Tuesday, April 25, 2006
THANKS FOR THE IDEA, PAX. I'M STEALING IT!!!
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What Should You Be For Halloween?Enjoy.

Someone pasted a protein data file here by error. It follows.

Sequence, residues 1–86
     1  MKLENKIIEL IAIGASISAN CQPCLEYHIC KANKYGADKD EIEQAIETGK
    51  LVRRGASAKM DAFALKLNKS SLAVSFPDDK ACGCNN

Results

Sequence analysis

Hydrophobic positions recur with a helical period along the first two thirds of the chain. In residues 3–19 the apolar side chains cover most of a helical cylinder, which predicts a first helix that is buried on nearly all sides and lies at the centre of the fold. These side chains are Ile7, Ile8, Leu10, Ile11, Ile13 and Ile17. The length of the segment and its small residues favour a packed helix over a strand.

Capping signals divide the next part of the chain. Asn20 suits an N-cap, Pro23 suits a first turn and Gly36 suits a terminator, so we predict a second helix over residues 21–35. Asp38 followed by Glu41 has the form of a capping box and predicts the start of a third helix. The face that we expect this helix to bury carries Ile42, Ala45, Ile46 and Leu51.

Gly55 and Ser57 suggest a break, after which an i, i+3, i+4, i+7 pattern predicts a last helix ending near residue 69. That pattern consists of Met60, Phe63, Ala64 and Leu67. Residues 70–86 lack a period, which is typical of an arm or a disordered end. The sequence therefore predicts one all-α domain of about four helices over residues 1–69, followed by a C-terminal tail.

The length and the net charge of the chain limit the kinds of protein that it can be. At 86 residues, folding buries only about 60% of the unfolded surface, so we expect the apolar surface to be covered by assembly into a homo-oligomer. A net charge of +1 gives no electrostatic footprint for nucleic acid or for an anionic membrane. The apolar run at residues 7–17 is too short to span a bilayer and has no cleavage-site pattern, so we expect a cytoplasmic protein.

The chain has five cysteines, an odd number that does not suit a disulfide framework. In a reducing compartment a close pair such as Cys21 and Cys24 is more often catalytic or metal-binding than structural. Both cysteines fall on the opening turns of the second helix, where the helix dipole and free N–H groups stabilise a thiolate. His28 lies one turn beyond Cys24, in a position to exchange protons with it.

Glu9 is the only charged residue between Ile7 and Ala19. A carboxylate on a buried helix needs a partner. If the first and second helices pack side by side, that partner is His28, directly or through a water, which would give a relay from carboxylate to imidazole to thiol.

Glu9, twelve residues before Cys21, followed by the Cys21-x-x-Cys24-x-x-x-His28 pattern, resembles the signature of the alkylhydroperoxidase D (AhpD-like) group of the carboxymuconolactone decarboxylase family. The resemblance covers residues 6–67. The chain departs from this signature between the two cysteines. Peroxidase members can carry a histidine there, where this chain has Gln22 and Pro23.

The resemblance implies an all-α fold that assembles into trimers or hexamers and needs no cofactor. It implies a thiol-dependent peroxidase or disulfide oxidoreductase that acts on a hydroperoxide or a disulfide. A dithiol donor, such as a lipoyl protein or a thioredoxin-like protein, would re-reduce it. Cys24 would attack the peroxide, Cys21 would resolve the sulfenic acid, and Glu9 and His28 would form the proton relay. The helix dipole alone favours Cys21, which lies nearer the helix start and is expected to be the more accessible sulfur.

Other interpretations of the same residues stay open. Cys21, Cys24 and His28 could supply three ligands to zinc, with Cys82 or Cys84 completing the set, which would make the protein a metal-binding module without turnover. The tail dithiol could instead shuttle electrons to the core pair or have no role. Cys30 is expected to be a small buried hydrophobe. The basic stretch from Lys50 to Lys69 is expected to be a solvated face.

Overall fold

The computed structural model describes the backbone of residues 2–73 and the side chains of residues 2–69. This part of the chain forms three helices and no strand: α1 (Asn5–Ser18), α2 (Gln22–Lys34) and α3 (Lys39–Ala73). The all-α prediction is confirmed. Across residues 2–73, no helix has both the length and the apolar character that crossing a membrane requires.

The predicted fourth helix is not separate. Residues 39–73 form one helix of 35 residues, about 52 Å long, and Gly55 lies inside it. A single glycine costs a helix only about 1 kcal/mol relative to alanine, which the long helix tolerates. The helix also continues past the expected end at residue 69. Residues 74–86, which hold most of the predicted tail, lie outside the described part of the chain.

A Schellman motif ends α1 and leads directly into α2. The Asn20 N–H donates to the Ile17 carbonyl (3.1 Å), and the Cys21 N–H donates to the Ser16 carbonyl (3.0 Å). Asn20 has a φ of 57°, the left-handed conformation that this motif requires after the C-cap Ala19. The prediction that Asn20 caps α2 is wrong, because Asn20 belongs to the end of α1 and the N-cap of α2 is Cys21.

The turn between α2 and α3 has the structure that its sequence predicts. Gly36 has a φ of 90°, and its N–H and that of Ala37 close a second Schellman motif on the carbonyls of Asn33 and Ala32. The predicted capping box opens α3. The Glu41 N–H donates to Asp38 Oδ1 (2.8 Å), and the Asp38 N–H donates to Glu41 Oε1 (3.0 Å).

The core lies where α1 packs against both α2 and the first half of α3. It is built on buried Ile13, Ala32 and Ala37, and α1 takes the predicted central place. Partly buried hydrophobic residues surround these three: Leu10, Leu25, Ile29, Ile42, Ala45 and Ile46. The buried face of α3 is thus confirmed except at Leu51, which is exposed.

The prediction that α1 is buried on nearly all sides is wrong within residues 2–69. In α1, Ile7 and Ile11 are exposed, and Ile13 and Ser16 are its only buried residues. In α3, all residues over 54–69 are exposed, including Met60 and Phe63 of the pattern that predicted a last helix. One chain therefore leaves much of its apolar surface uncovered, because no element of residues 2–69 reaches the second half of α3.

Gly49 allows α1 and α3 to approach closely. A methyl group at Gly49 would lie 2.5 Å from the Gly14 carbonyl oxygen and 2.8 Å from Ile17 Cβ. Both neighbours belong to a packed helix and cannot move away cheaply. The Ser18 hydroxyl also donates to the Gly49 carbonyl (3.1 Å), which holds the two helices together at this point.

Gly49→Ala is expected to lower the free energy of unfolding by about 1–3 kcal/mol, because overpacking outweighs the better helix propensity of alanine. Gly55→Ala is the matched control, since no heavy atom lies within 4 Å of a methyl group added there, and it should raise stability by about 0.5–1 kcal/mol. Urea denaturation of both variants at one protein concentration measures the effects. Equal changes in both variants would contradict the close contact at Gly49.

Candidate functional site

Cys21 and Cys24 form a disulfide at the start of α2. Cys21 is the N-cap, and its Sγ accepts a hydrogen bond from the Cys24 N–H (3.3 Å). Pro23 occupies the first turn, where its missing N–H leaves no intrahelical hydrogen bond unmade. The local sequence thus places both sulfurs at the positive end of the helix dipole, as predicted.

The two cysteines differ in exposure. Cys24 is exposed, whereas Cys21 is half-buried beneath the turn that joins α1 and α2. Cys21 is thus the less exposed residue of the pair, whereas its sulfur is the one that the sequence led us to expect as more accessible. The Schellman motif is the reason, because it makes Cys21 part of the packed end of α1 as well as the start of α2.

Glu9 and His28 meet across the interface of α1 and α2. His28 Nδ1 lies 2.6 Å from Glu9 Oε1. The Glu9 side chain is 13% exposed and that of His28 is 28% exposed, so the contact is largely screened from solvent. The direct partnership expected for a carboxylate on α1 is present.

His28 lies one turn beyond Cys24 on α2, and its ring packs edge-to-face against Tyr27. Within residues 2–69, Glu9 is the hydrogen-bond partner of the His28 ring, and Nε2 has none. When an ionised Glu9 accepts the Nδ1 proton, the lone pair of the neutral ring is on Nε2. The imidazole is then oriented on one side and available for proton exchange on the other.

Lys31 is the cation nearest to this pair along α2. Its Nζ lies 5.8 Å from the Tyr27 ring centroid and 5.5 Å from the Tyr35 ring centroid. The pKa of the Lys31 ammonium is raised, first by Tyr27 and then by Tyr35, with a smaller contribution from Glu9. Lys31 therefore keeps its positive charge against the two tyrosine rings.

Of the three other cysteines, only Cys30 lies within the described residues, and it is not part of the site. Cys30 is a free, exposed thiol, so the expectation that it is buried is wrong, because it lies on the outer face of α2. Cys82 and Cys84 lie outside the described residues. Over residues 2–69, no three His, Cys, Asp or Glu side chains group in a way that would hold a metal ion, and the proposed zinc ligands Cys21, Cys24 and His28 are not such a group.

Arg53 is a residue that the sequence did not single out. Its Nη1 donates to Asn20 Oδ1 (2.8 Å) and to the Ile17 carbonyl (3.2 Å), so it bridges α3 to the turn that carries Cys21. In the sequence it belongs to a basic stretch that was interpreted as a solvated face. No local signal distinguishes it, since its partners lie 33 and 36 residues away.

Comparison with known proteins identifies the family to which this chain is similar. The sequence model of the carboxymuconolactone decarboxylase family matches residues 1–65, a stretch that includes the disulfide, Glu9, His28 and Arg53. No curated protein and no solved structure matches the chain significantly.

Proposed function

IT'S FINALLY LEGAL!!! The year: 1985. The place: Rustler Steak House (remember those?!?!). A 19-year old me is quietly working on the front line (behind the front counter for you non-Rustler alumni). Just then, somebody rolls a cart full of clean dishes up to the area where I'm working. It's this new kid we just hired; even younger than me. He's only been here for about a week or so. I don't even know his name and he certainly has never met me either. Two strangers in aprons and blue-checkered shirts. I continue working, not taking any notice of him (because I'm a shy bastard) and this kid proceeds to stack the clean dishes on the shelf. Finishing his task, this new kid turns his cart around to leave. Suddenly, he turns back towards me and says, without a prelude of any kind: "Do you know that Alucard spelled backwards spells Dracula?" Now, I've never spoken to this guy in my life and here he is blurting out this incredibly random statement. He doesn't know who the hell I am and there's no reason in the world for him to say this to me. "Yes," I reply, somewhat non-plussed, "I did know that." (What a snappy comeback!!! Our kid can REALLY think on his feet!) The guy then nods and wheels his cart away. That's it. The end of conversation. This is a true story. I swear to God! He just turns and walks away without another word or explanation of any kind. Needless to say, I was fuckin' puzzled (that's me looking fuckin' puzzled on the right)! Not at the fact that this stranger made such a vague, random statement (which most people would contemplate calling the authorities over to see if they were missing a mental patient). However, I love horror movies and had just taped "Dracula A.D. 1972) off the TV; said Hammer horror film features a character named Johnny Alucard!!! (That's him pictured below getting the "cold shoulder" from Christopher Lee). Now what made this strange kid say this particular sentence to me out of the blue??? It can only be called fate or destiny or whatever new age term is fashionable these days. All I can say is: my first thought was "Here is one strange pup and I've got to get to know this guy better!" And I did. And to this day, 21 years later (I suppose that means our friendship is finally turning LEGAL!!!), I still consider this guy my best friend. The daffy dope! He has seen me thru my ups and downs (quite a few downs in the last decade) and has always been there for me. He's supported me when I was in the depths and has made my life more incredibly fun and enjoyable than it ever would have been if he hadn't made that stupid-ass random statement to me all those years ago. Hail Cheeks, the doddy extraordinaire!!! Now I don't know if everybody gets such a good friend in life but I hope so. Because there's really nothing better in the world.